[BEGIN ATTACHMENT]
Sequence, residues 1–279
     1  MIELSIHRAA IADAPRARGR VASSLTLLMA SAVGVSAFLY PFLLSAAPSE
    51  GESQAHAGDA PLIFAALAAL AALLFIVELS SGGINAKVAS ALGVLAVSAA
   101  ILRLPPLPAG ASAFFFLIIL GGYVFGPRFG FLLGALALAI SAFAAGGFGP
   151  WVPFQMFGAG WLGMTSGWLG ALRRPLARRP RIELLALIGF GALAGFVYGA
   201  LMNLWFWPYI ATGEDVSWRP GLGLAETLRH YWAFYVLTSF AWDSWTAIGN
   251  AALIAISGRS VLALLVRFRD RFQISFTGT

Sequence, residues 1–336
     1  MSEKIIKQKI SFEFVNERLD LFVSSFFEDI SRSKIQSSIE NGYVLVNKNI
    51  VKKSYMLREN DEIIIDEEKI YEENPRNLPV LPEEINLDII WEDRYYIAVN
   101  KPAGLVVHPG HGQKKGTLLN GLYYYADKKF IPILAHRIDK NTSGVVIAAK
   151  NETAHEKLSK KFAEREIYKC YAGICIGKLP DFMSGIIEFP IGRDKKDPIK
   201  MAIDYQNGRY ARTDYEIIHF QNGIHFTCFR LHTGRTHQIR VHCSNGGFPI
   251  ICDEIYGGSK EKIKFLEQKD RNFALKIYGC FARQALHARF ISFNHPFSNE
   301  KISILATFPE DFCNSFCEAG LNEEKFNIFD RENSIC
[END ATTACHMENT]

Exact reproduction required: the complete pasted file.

Sequence, residues 1–279
     1  MIELSIHRAA IADAPRARGR VASSLTLLMA SAVGVSAFLY PFLLSAAPSE
    51  GESQAHAGDA PLIFAALAAL AALLFIVELS SGGINAKVAS ALGVLAVSAA
   101  ILRLPPLPAG ASAFFFLIIL GGYVFGPRFG FLLGALALAI SAFAAGGFGP
   151  WVPFQMFGAG WLGMTSGWLG ALRRPLARRP RIELLALIGF GALAGFVYGA
   201  LMNLWFWPYI ATGEDVSWRP GLGLAETLRH YWAFYVLTSF AWDSWTAIGN
   251  AALIAISGRS VLALLVRFRD RFQISFTGT

Sequence, residues 1–336
     1  MSEKIIKQKI SFEFVNERLD LFVSSFFEDI SRSKIQSSIE NGYVLVNKNI
    51  VKKSYMLREN DEIIIDEEKI YEENPRNLPV LPEEINLDII WEDRYYIAVN
   101  KPAGLVVHPG HGQKKGTLLN GLYYYADKKF IPILAHRIDK NTSGVVIAAK
   151  NETAHEKLSK KFAEREIYKC YAGICIGKLP DFMSGIIEFP IGRDKKDPIK
   201  MAIDYQNGRY ARTDYEIIHF QNGIHFTCFR LHTGRTHQIR VHCSNGGFPI
   251  ICDEIYGGSK EKIKFLEQKD RNFALKIYGC FARQALHARF ISFNHPFSNE
   301  KISILATFPE DFCNSFCEAG LNEEKFNIFD RENSIC